“Those were centrifuges that were supposed to be installed underground at the Natanz facility; they were intended to replace the old centrifuges and produce much more enriched uranium, much more quickly,” military analyst Alon Ben-David, who works for TV Channel 13 in Israel, disclosed.
Three Iranian officials later told Reuters that they think the explosion was triggered by a new cyberattack and two of them pointed to Israel as the main culprit, but offered no concrete evidence.
A Kuwaiti paper cited an unnamed official who said he could confirm that the blast in Natanz was triggered by a cyber attack and claimed it had set back Iran’s nuclear program by at least two months.
The Kuwaiti daily Al-Jareeda also said it had information that the explosion in Khojir was, in fact, caused by an aerial bombardment carried out by Israel’s new ADIR F-35 stealth warplanes capable of covering long distances while avoiding detection by radar or air defenses.
The Kuwaiti source doesn’t have a reliable reputation, however, having published additional reports about alleged Israeli attacks that were difficult to verify.
When Israeli Prime Minister Binyamin Netanyahu was asked about possible Israeli involvement in the cyberattack on Natanz’ centrifuge assembling plant, he replied: “I don’t address these issues.”
Amos Yadlin, now heading the Israeli think tank Institute for National Security Studies and former head of AMAN, the IDF’s intelligence division, tweeted that he now understood why Netanyahu had said that there were more important issues that couldn’t wait until the coronavirus crisis in Israel was under control and why the Israeli leader hadn’t yet begun to introduce Israeli sovereignty in parts of Judea and Samaria along with the Jordan Valley.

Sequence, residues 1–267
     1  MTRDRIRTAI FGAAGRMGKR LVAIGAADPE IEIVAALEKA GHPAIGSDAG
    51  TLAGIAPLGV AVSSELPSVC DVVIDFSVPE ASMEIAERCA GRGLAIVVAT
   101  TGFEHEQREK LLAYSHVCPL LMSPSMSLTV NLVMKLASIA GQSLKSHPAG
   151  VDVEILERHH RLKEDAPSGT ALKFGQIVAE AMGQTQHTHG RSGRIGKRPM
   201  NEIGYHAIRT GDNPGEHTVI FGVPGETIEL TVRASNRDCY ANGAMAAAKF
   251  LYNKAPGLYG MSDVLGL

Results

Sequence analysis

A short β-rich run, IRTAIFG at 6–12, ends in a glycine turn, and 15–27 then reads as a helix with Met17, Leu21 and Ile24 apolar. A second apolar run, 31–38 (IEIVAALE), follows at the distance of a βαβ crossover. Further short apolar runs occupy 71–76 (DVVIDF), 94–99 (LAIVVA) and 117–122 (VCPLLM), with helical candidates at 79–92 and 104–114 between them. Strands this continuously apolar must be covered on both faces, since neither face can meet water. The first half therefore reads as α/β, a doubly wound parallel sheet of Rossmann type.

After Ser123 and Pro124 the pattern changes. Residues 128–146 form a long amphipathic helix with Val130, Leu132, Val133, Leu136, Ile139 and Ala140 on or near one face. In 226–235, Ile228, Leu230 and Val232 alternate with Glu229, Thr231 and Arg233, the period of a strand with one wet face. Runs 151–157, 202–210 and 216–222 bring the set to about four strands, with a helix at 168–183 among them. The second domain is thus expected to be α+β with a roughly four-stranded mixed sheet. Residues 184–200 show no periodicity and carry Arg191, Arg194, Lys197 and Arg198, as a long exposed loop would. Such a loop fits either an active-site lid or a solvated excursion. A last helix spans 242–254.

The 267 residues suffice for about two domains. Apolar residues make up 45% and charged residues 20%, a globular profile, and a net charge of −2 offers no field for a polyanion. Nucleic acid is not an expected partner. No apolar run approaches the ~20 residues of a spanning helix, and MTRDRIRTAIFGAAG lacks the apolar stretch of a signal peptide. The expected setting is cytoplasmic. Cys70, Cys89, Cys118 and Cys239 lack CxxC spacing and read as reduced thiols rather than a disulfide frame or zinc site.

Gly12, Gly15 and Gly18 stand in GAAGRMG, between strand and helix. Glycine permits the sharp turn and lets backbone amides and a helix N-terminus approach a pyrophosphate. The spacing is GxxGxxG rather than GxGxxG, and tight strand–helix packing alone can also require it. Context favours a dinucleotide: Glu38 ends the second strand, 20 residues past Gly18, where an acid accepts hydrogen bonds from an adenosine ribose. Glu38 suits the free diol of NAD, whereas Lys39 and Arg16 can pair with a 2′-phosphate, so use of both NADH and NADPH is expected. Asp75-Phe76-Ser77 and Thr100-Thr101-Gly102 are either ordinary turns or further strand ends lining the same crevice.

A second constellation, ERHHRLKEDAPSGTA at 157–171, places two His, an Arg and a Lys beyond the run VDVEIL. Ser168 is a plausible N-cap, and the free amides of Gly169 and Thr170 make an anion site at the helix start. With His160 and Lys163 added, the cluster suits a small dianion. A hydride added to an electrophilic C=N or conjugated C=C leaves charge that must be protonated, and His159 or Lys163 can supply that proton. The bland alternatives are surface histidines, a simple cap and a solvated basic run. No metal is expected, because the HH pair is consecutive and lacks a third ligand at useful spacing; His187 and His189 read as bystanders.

“According to foreign sources, it appears that the prime minister focused this week on Iran rather than (his plan for West Bank) annexation. This is the policy I’ve been recommending in the last few weeks.” Yadlin tweeted on Friday.
Netanyahu indeed had been busy with the Iranian issue last week when he met with Brian Hook, the American envoy for Iranian affairs, who made clear that the military option against Iran’s nuclear weapons program “remains on the table”.
Yadlin also warned about possible Iranian retaliation, based on what Iranian officials had said after the incident in Natanz.
“If Israel is accused by official sources, it means we need to be operationally prepared for the possibility of an Iranian reaction (through cyber, firing missiles from Syria or a terror attack (overseas),” Yadlin tweeted.
One of the Iranian officials who seemed to blame the cyber attack in Natanz on a foreign country was Gholamreza Jalali, head of Iran’s homeland security. Jalali told Iran’s state television that “if it is proven that our country has been targeted by a cyberattack, we will respond.”
The attack on Natanz was followed by another explosion in a power plant in the Az-Zarqan region in Ahwaz province of western Iran on Saturday. The blast disrupted the electricity supply in a large area of the country and may also be the result of a cyber attack, although Israel’s alternate Prime Minister Benny Gantz on Sunday said that not every incident in Iran could be related to Israel’s covert war against the Islamic Republic.